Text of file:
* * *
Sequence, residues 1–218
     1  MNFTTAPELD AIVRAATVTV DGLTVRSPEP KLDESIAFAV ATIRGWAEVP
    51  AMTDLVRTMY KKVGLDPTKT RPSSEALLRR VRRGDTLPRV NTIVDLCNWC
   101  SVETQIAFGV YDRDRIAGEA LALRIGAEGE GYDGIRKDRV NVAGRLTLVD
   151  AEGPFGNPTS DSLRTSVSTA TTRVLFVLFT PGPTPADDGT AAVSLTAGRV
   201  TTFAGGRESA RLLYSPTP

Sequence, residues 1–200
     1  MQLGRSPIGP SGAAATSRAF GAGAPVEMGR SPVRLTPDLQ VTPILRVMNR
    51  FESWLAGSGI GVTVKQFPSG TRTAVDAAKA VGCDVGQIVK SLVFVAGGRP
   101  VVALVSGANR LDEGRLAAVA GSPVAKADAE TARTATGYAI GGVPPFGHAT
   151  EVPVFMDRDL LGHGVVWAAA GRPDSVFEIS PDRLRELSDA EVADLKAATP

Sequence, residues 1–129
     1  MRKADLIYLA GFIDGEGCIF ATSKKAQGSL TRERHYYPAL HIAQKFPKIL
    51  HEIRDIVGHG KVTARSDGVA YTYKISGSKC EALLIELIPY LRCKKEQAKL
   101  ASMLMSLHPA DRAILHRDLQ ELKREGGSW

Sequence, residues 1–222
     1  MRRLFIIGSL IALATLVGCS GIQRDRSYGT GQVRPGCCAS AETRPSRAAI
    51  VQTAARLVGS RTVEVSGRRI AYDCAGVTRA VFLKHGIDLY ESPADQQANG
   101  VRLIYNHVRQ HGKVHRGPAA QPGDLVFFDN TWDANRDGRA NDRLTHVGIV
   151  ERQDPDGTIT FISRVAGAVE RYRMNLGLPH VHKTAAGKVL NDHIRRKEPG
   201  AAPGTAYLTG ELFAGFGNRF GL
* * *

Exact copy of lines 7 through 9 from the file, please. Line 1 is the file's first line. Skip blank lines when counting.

Sequence, residues 1–200
     1  MQLGRSPIGP SGAAATSRAF GAGAPVEMGR SPVRLTPDLQ VTPILRVMNR
    51  FESWLAGSGI GVTVKQFPSG TRTAVDAAKA VGCDVGQIVK SLVFVAGGRP